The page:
“We’ll see what works for us, the industry and the artists,” Jackson said. “I wouldn’t want this [coming year’s] festival to be seen as a blueprint for the future, but it’s being responsive to the moment and allowing us to learn what we want the future to be.”
Said Sundance Institute executive director Keri Putnam: “Our festival footprint has changed this year, but we are excited to bring an incredible community together in new ways to engage with new artists and new stories — whether they’re joining us for the first year or have been for decades. Our ambition is for everyone to come together, safely, wherever they may be, and participate in screenings on our platform at the same time. The Sundance team has consulted with artists, worked with incredible partners, and built a plan to welcome new audiences and capture a true festival spirit.”
Participating U.S. partner organizations and Sundance Film Festival cinema locations include:
Birmingham with Sidewalk Film Festival
Sidewalk Film Center, Sidewalk Drive-In
Arizona: Tucson with The Loft Cinema
The Loft Open Air Cinema
Montclair with American Cinematheque
Mission Tiki Drive-In
Pasadena with the Rose Bowl
Rose Bowl Drive-In
San Francisco with The Roxie Theater
Roxie Theater, Fort Mason Drive-In
Denver with Denver Film
Key West with Tropic Cinema
Tropic Cinema, The Key West Lighthouse, The Truman Little White House, The Ernest Hemingway House and Museum
Miami with Third Horizon and O Cinema
South Miami-Dade Cultural Arts Center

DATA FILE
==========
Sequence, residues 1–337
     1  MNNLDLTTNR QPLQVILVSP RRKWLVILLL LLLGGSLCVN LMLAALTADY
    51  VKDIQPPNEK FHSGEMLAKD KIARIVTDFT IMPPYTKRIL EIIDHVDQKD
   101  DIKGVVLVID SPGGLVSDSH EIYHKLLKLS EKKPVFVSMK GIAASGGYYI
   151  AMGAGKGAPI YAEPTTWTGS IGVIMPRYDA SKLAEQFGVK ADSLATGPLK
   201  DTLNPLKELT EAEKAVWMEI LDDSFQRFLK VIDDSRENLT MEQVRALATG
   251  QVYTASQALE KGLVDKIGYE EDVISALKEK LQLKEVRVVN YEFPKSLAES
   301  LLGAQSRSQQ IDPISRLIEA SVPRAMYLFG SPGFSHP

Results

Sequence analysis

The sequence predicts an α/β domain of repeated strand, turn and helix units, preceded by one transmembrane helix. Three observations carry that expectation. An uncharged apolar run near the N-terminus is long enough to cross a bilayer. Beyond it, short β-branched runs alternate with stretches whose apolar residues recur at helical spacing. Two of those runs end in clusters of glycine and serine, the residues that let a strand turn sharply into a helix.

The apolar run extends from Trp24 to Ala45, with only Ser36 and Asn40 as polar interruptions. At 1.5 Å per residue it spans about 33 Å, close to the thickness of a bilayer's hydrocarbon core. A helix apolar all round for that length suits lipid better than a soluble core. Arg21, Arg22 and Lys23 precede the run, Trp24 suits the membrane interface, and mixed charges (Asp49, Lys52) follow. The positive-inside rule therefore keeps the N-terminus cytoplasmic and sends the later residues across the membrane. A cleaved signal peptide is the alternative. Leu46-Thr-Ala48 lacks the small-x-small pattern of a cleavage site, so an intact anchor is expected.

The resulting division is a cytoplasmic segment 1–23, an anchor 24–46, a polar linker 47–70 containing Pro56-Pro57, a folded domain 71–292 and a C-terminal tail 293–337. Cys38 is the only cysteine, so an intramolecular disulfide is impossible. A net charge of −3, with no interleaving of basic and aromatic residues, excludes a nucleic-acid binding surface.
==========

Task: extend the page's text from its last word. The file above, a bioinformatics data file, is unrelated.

Atlanta with Atlanta Film Society
The Plaza Theater, Plaza Drive-In, Dad’s Garage Drive-In
Macon with Macon Film Festival
Honolulu with Doris Duke Theatre at the Honolulu Museum of Art (HoMA)
Iowa City with FilmScene
FilmScene at The Chauncey
Wichita with mama.film
mama.film microcinema, Wichita Art Museum, Groover Labs
Louisville with The Speed Art Museum
Speed Art Museum
New Orleans with New Orleans Film Society
The Broad Theater
Baltimore with Maryland Film Festival
Stavros Niarchos Foundation Parkway Theater
Brookline with Coolidge Corner Theatre
Coolidge Corner Theatre
Detroit with Cinema Detroit
Minneapolis-St. Paul with FilmNorth
Pleasantville with The Jacob Burns Film Center
Jacob Burns Film Center & Media Arts Lab
Columbus with Gateway Film Center
Gateway Film Center
Tulsa with Circle Cinema
Circle Cinema, Circle Cinema Drive-In, Admiral Twin Drive-In, Philbrook Museum, OSU-Tulsa, Tulsa University, Gilcrease Museum
Philadelphia with BlackStar Film Festival
San Juan with Asociación de Documentalistas de Puerto Rico (AdocPR)
Museo de Arte de Puerto Rico (MAPR)
Columbia with The Luminal Theater
Spotlight Cinemas Capitol 8
Memphis with Indie Memphis
Malco Summer Drive-In
Nashville with Belcourt Theatre
Austin with Austin Film Society
Dallas with Aviation Cinemas
Houston with Houston Cinema Arts Society
MoonStruck Drive-In, DeLUXE Theater
Salt Lake City with Salt Lake Film Society
Seattle with Northwest Film Forum